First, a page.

Cultural appropriation versus Cultural appreciation
Fragrance brand Pinrose thought it was an easy way to benefit from the increasing popularity of witchcraft and revealed its Starter Witch Kit, which sold at Sephora. The brand must have seen it as an opportunity to target young girls interested in Wicca and Witchcraft but didn’t consider how practicing witches would feel about them using their beliefs for aesthetics. The Starter Witch Kit included a set of tarot cards, rose quartz, sage, and their perfume, of course. The announcement of the kit’s launch wholly backfired last year as witches recognized this as cultural appropriation.
Fenty Beauty by Rihana did a fabulous job correctly using popular online subculture by launching a selection of lipsticks compatible with each zodiac sign from the Mattemoiselle collection. The reactions are positive, ” The selection is spot on,” according to Instagram users, and they are evenly happy with the various colors suitable for all skin tones.
Does intention matter? Cultural Appropriation Versus Cultural Appreciation
It’s all about the responsibility of a brand to make sure that products or ads get evaluated (by the right people) before they get launched when borrowing from other cultures. These problems are more significant than just one product or ad/post and can easily be prevented by evaluating diversity within the company/product/marketing department. Of course, brands want to make a profit, so it’s not in their interest to exclude anyone or step on anyone’s toes, but that is even more reason to be more considerate of (sub)cultures that inspire them.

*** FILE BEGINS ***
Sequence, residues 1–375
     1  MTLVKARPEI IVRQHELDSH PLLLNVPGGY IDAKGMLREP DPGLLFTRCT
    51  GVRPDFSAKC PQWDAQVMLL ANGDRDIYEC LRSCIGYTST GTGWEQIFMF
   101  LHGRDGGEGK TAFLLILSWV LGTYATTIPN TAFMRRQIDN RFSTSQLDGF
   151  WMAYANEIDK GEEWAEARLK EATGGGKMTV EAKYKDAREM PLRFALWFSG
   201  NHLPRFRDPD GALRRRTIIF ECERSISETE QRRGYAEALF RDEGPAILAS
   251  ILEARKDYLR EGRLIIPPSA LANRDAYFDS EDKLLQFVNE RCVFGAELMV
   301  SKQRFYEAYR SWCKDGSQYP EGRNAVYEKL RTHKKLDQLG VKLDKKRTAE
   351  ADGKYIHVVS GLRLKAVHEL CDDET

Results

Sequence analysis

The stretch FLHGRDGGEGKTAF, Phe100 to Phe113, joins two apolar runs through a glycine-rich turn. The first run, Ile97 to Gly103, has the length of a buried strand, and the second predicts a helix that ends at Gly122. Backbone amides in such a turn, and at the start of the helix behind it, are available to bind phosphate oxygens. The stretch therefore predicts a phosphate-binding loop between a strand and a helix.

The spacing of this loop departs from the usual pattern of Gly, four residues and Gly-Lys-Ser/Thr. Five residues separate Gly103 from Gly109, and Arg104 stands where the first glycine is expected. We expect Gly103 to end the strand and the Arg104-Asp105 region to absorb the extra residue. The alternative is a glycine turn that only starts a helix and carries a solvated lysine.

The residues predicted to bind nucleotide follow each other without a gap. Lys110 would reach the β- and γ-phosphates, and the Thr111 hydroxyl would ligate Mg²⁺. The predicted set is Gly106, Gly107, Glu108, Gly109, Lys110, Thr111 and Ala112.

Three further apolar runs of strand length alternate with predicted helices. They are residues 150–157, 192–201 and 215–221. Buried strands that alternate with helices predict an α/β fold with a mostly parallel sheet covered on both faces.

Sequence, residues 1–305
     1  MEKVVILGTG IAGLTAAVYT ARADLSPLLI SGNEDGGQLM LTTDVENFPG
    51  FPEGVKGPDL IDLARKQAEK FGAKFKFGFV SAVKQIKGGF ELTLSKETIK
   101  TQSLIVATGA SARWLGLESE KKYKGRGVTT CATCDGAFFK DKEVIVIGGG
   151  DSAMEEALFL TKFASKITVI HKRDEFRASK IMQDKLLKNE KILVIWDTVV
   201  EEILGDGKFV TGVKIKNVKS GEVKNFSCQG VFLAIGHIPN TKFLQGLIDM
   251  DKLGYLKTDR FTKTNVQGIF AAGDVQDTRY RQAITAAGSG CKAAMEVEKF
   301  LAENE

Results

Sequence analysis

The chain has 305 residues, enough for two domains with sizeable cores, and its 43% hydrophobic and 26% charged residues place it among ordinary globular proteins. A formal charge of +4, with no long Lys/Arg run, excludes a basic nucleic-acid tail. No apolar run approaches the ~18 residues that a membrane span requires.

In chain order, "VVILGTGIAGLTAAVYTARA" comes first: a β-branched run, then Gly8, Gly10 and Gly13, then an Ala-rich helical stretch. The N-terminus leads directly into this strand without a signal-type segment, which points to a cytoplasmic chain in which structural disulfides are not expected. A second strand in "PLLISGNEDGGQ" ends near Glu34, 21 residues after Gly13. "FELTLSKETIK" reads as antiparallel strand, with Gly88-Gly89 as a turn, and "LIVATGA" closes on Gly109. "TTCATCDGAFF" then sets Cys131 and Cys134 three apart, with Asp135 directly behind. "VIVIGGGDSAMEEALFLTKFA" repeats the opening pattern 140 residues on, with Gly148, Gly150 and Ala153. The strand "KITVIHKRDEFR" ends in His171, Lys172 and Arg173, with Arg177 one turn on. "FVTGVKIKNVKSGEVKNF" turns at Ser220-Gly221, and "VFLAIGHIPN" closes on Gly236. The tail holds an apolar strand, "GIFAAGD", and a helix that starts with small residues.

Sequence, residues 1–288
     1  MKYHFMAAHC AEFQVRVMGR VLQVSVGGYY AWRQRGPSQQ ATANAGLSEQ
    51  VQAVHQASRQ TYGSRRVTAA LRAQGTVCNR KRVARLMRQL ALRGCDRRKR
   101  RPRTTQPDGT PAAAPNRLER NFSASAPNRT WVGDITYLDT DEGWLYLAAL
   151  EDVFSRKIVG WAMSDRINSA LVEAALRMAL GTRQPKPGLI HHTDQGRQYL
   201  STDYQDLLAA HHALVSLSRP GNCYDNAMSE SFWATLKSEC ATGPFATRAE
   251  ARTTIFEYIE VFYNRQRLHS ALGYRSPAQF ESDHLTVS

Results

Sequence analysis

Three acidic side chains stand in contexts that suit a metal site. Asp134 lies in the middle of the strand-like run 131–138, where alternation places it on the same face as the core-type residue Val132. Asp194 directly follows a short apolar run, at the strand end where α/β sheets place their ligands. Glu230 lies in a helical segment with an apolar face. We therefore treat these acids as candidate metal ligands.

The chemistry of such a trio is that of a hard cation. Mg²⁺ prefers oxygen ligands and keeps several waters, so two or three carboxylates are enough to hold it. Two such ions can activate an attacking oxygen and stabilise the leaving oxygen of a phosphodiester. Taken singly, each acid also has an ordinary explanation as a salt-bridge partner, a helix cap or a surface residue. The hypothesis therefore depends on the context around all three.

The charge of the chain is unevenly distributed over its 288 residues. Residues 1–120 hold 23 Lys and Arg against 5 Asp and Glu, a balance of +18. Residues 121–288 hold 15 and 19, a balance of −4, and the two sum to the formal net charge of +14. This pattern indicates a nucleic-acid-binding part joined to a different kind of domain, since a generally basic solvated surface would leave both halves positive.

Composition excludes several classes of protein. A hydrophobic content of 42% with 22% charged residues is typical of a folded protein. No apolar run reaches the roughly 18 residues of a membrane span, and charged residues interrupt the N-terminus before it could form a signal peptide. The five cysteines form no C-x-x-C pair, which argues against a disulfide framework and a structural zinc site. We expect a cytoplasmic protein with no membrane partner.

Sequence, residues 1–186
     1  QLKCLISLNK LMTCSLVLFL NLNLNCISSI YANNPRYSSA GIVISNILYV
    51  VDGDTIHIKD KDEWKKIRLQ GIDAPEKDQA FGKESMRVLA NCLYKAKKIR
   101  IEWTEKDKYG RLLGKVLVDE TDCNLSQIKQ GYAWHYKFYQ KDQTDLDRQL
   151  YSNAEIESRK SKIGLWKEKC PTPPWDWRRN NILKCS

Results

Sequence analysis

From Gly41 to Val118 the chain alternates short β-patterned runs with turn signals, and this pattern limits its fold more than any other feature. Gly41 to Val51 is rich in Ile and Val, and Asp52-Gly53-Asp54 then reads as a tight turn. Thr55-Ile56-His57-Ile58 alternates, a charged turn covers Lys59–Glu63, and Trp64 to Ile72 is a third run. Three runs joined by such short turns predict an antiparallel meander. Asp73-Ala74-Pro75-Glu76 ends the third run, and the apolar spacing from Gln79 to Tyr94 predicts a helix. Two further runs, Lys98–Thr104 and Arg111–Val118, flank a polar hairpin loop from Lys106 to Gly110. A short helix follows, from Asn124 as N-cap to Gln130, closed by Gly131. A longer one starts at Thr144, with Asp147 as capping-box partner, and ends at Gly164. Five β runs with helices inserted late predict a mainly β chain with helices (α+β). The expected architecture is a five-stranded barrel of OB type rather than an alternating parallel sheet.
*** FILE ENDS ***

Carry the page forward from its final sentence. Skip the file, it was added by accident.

How to avoid cultural appropriation?
In an article on Greenheart, Kelsey Holmes says:
“Appreciation is when someone seeks to understand and learn about another culture in an effort to broaden their perspective and connect with others cross-culturally. Appropriation on the other hand, is simply taking one aspect of a culture that is not your own and using it for your own personal interest.”
Just appreciate, don’t appropriate
– Understanding the value and meaning of a particular element/tradition is good enough to borrow it appropriately. If you know the culture, you can feel when you’re doing something considered controversial.
– Knowing and understanding histories of oppression, segregation, and colonialism – Acquire information from individuals or organizations that can tell you more about the culture’s, practices, and values
– Asking yourself and your co-workers: What is the reason for using elements from another culture? How can it be done respectably?
Opinions on cultural appropriation vary; Michael J Bramham argues that “Providing your intent is not to mock, disrespect or stereotype minorities, the cultures of humanity form a common heritage for all humans and thus, belong to us all to enjoy and partake in (in a responsible way).” Again, plausible theory, only in my opinion the effects are far more important than the intention. As long as there are minorities and marginalized groups, it’s the responsibility of the brand or person who wants to adopt elements of a culture to be aware of what it means to people first instead of focusing on their intentions and creativity only.